Edwards on the Ministry (2)
Jesus began to say to the multitudes concerning John: “What did you go out into the wilderness to see? A reed shaken by the wind? But what did you go out to see? A man clothed in soft garments? Indeed, those who wear soft clothing are in kings’ houses. But what did you go out to see? A prophet? Yes, I say to you, and more than a prophet.” Matthew 11.7-9
It’s not likely John the Baptist would be welcomed in many pulpits today. Even though Edwards used him as a model of “The True Excellency of a Gospel Minister”, few and far between are the shepherds today who would even think of adopting his example.
Edwards wrote, “He also shone bright in his conversation, and his eminent mortification and renunciation of the enjoyments of the world; his great diligence and laboriousness in his work, his impartiality in it, declaring the mind and will of God to all sorts without distinction; his great humility, rejoicing in the increase of the honour of Christ, though his honour was diminished, as the brightness of the star diminishes as the light of the sun increases; and in his faithfulness and courage, though it cost him his own life.”
These days many pastors secure their “honor” in subtle but significant ways. They go by “Reverend” or “Doctor”. Have reserved parking places and their name on the church sign. Adopt fashionable garb and speech. Try hard to be friends with all the right people. Such shepherds want to advance their honor; John worked to have his honor diminished, that the honor of Christ might increase.
John excelled in “faithfulness and courage” as he declared “the mind and will of God to all sorts without distinction”. John is one of those minor characters in Scripture it is easy to overlook in seeking examples and instruction for the work of pastoral ministry. But his greatness was not lost on Jonathan Edwards, who extolled him as an example for all shepherds in this ordination sermon.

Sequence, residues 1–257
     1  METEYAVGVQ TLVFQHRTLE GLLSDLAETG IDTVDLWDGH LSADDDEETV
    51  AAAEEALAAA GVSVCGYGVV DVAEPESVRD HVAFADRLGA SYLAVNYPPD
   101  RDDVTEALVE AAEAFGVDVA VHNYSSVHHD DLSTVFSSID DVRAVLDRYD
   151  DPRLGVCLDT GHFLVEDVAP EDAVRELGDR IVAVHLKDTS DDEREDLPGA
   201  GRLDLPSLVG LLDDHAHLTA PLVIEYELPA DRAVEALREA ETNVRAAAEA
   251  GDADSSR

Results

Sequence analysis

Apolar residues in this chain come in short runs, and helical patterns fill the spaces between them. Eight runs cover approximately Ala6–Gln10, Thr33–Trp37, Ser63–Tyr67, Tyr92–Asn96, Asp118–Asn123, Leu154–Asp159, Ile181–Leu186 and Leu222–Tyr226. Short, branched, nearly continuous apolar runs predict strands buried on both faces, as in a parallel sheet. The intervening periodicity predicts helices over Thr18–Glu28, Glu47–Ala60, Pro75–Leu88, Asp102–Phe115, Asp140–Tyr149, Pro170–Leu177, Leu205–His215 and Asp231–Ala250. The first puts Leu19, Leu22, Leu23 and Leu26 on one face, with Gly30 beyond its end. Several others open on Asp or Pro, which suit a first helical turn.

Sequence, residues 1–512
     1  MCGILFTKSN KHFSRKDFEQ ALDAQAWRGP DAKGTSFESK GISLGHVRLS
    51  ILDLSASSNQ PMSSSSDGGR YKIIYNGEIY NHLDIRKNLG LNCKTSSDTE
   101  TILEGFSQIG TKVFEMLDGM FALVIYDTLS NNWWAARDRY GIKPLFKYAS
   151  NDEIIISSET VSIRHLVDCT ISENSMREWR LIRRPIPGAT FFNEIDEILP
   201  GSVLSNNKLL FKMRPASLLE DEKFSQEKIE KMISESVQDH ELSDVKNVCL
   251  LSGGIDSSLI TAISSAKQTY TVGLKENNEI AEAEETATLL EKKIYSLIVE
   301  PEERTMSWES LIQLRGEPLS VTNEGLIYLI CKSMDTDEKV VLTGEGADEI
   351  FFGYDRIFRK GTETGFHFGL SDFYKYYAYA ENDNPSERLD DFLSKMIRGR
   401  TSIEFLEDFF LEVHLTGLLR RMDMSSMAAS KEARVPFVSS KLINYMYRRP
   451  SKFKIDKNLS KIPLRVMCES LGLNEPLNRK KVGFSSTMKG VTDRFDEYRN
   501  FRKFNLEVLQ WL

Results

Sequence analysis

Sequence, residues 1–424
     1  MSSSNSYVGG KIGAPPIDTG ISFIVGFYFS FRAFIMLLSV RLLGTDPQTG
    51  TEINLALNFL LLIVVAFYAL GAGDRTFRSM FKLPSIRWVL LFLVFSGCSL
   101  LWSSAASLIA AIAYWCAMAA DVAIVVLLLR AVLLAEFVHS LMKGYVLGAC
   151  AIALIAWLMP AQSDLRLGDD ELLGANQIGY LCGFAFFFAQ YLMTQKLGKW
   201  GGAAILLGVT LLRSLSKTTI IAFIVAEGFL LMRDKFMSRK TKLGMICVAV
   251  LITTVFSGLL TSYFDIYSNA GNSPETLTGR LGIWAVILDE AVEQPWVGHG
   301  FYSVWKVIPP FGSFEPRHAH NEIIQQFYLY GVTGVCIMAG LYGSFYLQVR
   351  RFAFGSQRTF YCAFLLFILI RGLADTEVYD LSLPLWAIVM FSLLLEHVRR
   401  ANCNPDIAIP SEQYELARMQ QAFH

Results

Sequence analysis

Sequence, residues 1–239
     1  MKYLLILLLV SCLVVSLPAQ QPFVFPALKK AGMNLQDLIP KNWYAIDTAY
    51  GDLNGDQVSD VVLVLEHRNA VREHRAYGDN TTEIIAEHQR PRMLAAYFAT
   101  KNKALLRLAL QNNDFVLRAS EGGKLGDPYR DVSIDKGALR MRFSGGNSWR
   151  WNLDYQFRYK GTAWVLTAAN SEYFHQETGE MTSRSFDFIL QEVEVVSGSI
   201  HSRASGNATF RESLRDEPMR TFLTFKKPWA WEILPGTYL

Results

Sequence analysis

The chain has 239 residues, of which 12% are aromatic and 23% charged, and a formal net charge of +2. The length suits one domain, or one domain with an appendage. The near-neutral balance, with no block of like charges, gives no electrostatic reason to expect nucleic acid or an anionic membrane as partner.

Resources for Shepherds
Preaching and teaching can become one more way shepherds try to gain honor for themselves. In his day, William Cowper denounced preaching that was offered more to impress than to convict, convert, and transform. In his epic poem, The Task, he blistered the high church preachers of his day and he provides food for reflection for those who have been entrusted with the ministry of the Word in any generation. We used his comments on preaching to prepare “An Essay on Preaching” for The InVerse Theology Project at The Fellowship of Ailbe. Here are the links to all five installments in that series.
An Essay on Preaching Part 1
An Essay on Preaching Part 2
An Essay on Preaching Part 3
An Essay on Preaching Part 4
An Essay on Preaching Part 5
I find it useful to review the basics of ministry from time to time, including the work that goes into preparing to preach or teach. Our book, Text to Transformation, provides an extended outline of what ministers of the Word must do to be faithful in their calling to preach or teach for discipleship. Order your free copy of Text to Transformation by clicking here.
Need to brush-up on your approach to reading, understanding, and teaching the Scriptures? Order a free copy of our book The Joy and Rejoicing of My Heart by clicking here.
From the Celtic Revival
Check out our newest feature, Readings from the Celtic Revival (click here). Here is an excerpt from the writings of Patrick, another truly excellent Gospel minister, which is featured in yesterday’s issue of Crosfigell:
But after I to Ireland came, I found
myself a slave, and pastured sheep around
the hills and meadows in the west. You can
imagine my despair, my sorrow, and
my loneliness, a boy of sixteen years.
My days were filled with toil, my nights with fears.
And so I turned to prayer to find relief
in God, although I had not made belief
my firm conviction as of yet. I prayed
throughout the day, and many times I stayed
awake, beseeching God to pity me.
I found the love and fear of God to be
advancing in my soul; my faith began
to grow, and I began to understand
that God was working in my spirit. I
would pray a hundred times each day, and by
the light of moon and stars, as often, too.
I found through prayer a pleasant means to do
my work without complaint or fear, and would
remain out on the mountain and in the woods
through snow or frost or rain. I rose to pray
before the morning light appeared each day,
and suffered no adversity, nor was
I sluggish in my work. It was because
the Spirit of the living God was in
me seething, freeing me from fear and sin.
- Patrick, Confession (late 5th century)
Read more from the leaders of the Celtic Revival (ca. 430-800 AD) in recent issues of Crosfigell by clicking here. Use the pop-up to add Crosfigell to your subscriptions.
T. M. Moore
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Except as indicated, Scripture taken from the New King James Version. © Copyright 1982 by Thomas Nelson, Inc. Used by permission. All rights reserved.